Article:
Theodore-Etienne-Pierre Rousseau (Paris 1812-1867 Barbizon)
VAT rate of 5% is payable on hammer price and at 1… Read more The property of a Swiss private collector (Lots 36 & 37)
Theodore-Etienne-Pierre Rousseau (Paris 1812-1867 Barbizon)

Paysage d'été

Theodore-Etienne-Pierre Rousseau (Paris 1812-1867 Barbizon)
Paysage d'été
signed 'Th. Rousseau' (lower right)
oil on panel
16½ x 25¼ in (42 x 64 cm.)
M.J. Porter Michaels, Paris.
E.H. Cuthbertson, London; Christie's, London, 21 May 1909, lot 97 (4830 gns. to Knoedler).
with Knoedler, New York.
D.T. Watson, Pittsburgh; American Art Association, New York, 16-17 April 1917, lot 117.
Anonymous sale; Christie's, New York, 2 August 1980, lot 85.
with Thomas Colville Fine Art, New York, 1980.
with Galerie Bühler, Munich, when acquired by the present owner.
H.-P. Bühler, 'Gnostiker der Natur', Weltkunst, Munich, 15 February 1985, IV, pp. 311-12, fig. 9.
M. Schulman, Théodore Rousseau, catalogue raisonné de l'oeuvre graphique, p. 51, illustrated.
M. Schulman, Théodore Rousseau, catalogue raisonné de l'oeuvre peint, Paris, 1999, pp. 28-29, 248, no. 438, illustrated.
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VAT rate of 5% is payable on hammer price and at 15% on the buyer's premium

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Lot Essay

'Théodore Rousseau is the master. He is the king of landscape. From the great heights of his great and easygoing talent he dominates that glorious galaxy of landscape artists... What characterises Rousseau's general manner is his penetrating poetry. He doesn't exhibit any violent bias; he never sacrifices one detail to another, but only to the whole; he doesn't summarize varying effects to impose instead a single impression. He strives rather to maintain the balance of things and their natural relationship to each other. He finds the unity of his painting not in the simplification of material means, but in a carefully controlled strength of feeling.'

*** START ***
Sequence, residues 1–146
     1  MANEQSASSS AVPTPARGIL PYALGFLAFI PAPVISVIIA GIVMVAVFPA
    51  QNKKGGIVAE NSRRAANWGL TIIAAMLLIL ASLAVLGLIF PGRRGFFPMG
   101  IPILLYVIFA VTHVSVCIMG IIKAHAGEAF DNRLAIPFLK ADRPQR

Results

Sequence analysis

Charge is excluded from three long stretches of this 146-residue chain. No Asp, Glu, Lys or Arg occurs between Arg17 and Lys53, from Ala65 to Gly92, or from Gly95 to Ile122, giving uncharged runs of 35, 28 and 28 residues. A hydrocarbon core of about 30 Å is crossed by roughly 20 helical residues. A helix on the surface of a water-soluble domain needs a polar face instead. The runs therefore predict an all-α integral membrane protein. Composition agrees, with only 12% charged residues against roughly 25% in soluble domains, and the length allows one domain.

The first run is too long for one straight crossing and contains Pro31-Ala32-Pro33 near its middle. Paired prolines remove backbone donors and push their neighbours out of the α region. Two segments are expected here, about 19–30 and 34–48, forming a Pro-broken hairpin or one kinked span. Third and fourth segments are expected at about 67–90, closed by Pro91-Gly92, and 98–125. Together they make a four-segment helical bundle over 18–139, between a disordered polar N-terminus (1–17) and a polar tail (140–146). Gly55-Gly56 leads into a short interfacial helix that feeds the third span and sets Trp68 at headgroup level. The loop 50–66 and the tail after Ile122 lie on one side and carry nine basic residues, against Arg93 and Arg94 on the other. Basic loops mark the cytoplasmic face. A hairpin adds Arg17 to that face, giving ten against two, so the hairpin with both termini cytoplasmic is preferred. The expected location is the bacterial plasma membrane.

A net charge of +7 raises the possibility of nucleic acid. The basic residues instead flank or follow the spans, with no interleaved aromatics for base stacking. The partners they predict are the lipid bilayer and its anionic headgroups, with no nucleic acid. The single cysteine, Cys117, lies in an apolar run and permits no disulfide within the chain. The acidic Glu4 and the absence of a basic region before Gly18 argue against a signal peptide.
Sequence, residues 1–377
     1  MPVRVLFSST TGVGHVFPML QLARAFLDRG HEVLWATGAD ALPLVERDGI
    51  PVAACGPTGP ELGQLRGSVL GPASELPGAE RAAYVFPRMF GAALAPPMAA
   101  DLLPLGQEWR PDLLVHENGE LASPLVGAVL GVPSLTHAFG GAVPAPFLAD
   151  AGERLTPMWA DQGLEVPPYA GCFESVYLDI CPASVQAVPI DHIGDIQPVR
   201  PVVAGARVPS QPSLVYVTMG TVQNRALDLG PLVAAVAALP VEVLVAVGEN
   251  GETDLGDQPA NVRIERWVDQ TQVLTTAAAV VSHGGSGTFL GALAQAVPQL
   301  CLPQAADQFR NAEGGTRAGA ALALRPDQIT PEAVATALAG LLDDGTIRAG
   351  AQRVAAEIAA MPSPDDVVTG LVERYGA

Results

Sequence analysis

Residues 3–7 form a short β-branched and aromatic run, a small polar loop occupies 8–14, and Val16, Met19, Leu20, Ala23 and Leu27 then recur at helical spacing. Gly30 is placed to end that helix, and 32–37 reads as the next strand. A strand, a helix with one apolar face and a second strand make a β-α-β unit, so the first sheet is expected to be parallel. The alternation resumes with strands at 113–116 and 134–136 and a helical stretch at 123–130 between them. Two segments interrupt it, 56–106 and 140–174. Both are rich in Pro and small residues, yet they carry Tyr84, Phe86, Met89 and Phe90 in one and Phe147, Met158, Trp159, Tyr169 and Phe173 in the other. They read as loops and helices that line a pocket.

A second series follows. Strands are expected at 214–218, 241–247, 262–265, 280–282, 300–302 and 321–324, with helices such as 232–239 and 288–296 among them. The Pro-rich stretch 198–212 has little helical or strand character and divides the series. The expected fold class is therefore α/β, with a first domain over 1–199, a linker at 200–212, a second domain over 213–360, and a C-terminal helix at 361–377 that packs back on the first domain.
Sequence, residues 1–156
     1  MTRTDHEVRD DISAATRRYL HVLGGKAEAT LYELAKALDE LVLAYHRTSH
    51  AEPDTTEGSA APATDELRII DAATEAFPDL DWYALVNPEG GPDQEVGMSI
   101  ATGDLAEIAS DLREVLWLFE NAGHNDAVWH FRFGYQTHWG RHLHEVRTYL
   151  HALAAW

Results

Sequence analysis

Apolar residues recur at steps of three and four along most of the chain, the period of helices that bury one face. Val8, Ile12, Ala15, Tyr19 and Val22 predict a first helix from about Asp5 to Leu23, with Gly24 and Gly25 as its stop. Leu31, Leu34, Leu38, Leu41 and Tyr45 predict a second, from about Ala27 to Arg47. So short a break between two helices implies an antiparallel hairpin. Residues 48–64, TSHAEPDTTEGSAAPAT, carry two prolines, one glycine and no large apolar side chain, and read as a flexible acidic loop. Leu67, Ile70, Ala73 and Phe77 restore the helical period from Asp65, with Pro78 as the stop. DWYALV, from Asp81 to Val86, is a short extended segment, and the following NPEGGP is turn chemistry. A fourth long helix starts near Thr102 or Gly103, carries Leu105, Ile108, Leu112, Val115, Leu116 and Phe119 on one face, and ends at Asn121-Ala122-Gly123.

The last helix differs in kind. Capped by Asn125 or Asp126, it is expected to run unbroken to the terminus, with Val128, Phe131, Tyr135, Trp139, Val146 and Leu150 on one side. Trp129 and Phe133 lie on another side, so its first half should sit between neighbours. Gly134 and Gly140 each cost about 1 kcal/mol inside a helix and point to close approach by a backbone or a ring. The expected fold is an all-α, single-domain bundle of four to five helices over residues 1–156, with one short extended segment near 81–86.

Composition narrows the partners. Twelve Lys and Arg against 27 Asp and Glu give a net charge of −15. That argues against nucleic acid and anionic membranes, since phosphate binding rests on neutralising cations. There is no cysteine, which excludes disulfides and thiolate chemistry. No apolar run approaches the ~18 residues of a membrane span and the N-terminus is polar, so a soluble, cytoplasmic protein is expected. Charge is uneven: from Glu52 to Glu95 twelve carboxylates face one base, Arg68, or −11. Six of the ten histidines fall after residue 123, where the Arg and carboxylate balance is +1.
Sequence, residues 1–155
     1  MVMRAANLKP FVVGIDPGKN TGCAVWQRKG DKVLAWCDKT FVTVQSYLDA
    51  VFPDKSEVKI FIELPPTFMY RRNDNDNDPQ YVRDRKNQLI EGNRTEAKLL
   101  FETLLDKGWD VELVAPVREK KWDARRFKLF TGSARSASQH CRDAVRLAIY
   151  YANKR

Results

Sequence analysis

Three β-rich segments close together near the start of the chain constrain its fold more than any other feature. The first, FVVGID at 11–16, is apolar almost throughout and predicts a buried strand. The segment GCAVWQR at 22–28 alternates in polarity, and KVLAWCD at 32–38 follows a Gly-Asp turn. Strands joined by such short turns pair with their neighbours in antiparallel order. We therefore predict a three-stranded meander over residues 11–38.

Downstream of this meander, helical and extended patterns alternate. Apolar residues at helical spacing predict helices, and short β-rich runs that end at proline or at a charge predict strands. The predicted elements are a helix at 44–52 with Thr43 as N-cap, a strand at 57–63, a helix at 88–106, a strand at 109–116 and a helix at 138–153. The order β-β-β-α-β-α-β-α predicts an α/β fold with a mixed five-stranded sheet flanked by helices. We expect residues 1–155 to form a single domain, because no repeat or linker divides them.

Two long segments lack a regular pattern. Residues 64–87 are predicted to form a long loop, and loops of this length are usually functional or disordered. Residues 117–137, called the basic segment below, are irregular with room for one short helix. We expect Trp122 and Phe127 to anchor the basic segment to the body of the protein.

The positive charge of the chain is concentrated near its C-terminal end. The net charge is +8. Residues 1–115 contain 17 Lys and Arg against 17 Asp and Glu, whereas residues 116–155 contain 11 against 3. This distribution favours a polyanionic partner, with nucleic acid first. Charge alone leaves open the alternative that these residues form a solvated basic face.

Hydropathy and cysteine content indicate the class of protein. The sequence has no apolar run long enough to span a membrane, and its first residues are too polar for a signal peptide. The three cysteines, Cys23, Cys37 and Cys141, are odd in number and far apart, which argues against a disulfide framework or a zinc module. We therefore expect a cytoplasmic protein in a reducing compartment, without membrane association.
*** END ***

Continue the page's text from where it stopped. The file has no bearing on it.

Thus wrote the great critic Jules Castagnary in response to the paintings submitted by Rousseau to the Salon of 1859. Another critic called him 'the Ruysdael of Fontainebleau Forest'.

Rousseau was the leading painter of the Barbizon School, whose paintings breathed new life into French landscape painting, and who were influenced not only by Camille Corot and his pioneering role in the emergence of a modern French school of landscape painting, but also by English painters such as John Constable and, in particular, Dutch artists of the 17th century such as Salomon Ruysdael and Meindert Hobbema. As a leading exhibitor at the Salon from the 1830s onwards, Rousseau's influence on the visual arts was immense. He established an artist's colony at Barbizon in 1848, where he worked closely with his great friend Jean-François Millet. Whereas the latter focussed on man's struggle to draw a living from the rural environment, Rousseau espoused a more harmonious view of nature as a benevolent force, in which man played no greater or lesser role than the trees, rocks and water that fill his paintings.

This work, which was painted when Rousseau was at the height of his powers and fame, has all the hallmarks of the summer scene which Castagnary extolled in the passage above: a profound sense of stillness and summer heat, and a unity created by the uniform light which gently suffuses every passage of the painting. The work also has other characteristic hallmarks of the artist: the sense of perspective created by the device of the curving path leading to a distant, low horizon; a single figure, whose quiet agricultural labour is secondary to the natural stage; and the dappled foliage which shimmers under the hot sun.

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